I have to say though: not once did I feel as if my CPU struggled with software or even the OS (I work with systems that do every day, so I know the difference in feel). usually my CPU waits for me to catch up. I’d probably notice it if I did heavy duty rendering of video/3D or compiling, neither is on my to do list anytime soon.

            • Chrispy_
            • 1 month ago

            You won’t have noticed the CPU performance drop so badly because of the stagnation in that market, but also because an OC’d 3570K has gone from [i<]complete overkill > not quite so overkill > good > acceptable.[/i<] It's ABSOLUTELY bottlenecking if you bought a modern GPU, but since your GPU is by far the larger bottleneck you wouldn't have noticed the CPU being a problem.

            • Ifalna
            • 1 month ago

            @1080p yep, my 1070 is definitely bottlenecked by my CPU. I noticed that. Doesn’t matter though, because if I get past 60 everything is green.

      • mudcore
      • 1 month ago

      Nearly every X570 chipset motherboard will have a fan.

      There’s actually been a notable improvement in the heatsinks of the shown X570 boards versus the previous couple years. Look at the X370-era boards; they’re way, way worse and most of the X470 ones are similarly bad (some exceptions).

    • Chrispy_
    • 2 months ago

    Ugh, more fans.

    I guess I’m more interested in the B550 chipset when it arrives. There was very little point in buying an X470 over a B450 with the current generation. As far as I can tell the only difference is a couple of old-school SATA ports and SLI support anyway.

      • LoneWolf15
      • 1 month ago

      The X470 should be obtainable without fans. As for the X570 with double the power usage, I think the biggest question is whether PCIe 4.0 offers significant advantages for the average user.

      I can’t think of a reason on my regular systems for 10Gbps Ethernet, and we don’t have any PCIe 4.0 graphics cards yet. If it adds more lanes to allow for M.2 NVME SSDs without taking away SATA ports, that’s my only useful take at this current point.

      I have SLI myself, but went Intel this round. But I’m rooting for AMD too.

    • Derfer
    • 2 months ago

    Throw as many parties as you want but I’m never buying a product with that god awful logo on it. Right up there with the Corsair tramp stamp. What even is it supposed to be? An eagle with the hook they use to pull brains out of mummies? A metal dick? Captain Hook’s arm?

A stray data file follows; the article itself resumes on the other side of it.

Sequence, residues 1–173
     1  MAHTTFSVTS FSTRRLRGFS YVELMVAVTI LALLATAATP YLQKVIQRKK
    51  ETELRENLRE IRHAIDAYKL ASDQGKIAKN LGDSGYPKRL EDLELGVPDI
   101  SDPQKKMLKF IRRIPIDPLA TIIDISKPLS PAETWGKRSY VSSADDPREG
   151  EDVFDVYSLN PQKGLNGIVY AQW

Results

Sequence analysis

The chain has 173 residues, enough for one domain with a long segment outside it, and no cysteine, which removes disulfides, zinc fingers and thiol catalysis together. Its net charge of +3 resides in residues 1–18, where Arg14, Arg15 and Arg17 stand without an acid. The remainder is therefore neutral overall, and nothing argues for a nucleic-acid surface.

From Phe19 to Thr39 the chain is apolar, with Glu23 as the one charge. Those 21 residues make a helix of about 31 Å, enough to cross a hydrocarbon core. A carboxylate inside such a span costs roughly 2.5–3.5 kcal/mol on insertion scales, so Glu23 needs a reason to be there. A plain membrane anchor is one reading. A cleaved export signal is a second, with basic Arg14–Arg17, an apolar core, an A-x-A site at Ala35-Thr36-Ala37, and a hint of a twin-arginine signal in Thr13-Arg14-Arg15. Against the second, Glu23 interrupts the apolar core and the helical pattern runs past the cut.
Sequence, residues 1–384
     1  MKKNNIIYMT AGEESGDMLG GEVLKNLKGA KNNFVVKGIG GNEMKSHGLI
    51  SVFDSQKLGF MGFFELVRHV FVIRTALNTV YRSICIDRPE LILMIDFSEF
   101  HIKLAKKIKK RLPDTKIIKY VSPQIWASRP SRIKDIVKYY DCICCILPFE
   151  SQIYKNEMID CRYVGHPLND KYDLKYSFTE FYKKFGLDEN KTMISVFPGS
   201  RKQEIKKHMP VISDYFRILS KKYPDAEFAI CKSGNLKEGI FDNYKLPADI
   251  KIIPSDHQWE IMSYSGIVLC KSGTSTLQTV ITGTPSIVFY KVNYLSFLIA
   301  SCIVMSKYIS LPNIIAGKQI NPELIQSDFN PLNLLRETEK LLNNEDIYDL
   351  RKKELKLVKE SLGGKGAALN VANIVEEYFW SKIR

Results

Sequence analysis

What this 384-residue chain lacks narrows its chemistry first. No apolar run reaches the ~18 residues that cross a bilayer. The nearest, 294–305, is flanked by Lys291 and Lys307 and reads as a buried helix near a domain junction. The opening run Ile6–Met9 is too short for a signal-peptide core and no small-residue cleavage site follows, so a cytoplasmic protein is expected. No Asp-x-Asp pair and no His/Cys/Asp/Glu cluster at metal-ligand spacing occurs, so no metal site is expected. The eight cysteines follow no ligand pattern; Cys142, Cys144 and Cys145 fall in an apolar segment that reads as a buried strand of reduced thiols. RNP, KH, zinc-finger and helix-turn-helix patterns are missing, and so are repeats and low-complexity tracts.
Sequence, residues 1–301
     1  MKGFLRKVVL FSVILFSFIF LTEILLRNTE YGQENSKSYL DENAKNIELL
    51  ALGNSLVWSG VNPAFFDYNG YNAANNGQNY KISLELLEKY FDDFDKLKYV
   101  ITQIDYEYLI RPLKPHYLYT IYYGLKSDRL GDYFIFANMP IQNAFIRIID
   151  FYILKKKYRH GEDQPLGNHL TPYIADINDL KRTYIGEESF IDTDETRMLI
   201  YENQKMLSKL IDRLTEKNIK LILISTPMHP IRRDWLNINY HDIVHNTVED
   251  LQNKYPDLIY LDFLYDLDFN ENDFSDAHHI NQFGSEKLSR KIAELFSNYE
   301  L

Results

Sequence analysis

• Voldenuit
      • 2 months ago

      Dude.
      Don’t diss the bro-bird.

      • Waco
      • 2 months ago

      I *think* it’s supposed to be an eagle flexing it’s arm? All I know is I hate it as well.

        • Krogoth
        • 2 months ago

        It is supposed to be Horus but I don’t think Gigabyte was able to secure the trademark for it. So they went with the next best thing and change one of the letters around while retaining the phonics. Aorus branding was the result.

          • Waco
          • 2 months ago

          Yes, but the flexing arm part is just weird. The eagle head and the Aorus naming are fine, IMO…it’s just that damn arm thing that makes it odd.

            • Krogoth
            • 2 months ago

            It is all about eGains my friends. 😉

      • The Egg
      • 2 months ago

      It’s an eagle with a Trogdor muscle arm.

      • albundy
      • 2 months ago

      glad someone finally said it. its too bad mobo makers no longer make green motherboards. i prefer it. it looks much better than a black/grey/white multi colored board.

        • Voldenuit
        • 2 months ago

        Remember red ABit boards and brown Gigabyte boards?

          • LoneWolf15
          • 1 month ago

          actually, I remember blue Gigabyte boards with slot, SATA, and RAM socket plastics in various shades of green, blue, orange, red, and purple.

          I owned this one, it was very solid. Just a little garish.
          [url<]https://www.anandtech.com/show/2717[/url<]

        • Usacomp2k3
        • 1 month ago

        LanParty ftw!

      • LoneWolf15
      • 1 month ago

      Really, it’s pretty unobtrusive. I have a Z390 Aorus board myself, and it doesn’t stand out.

      • K-L-Waster
      • 1 month ago

      If you stick it in a case with solid sides you don’t need to care….

    • NTMBK
    • 2 months ago

    What’s with the enormous hunks of plastic crap around the rear IO cluster? Even on the ITX board! Surely that can’t be good for airflow?

      • LoneWolf15
      • 1 month ago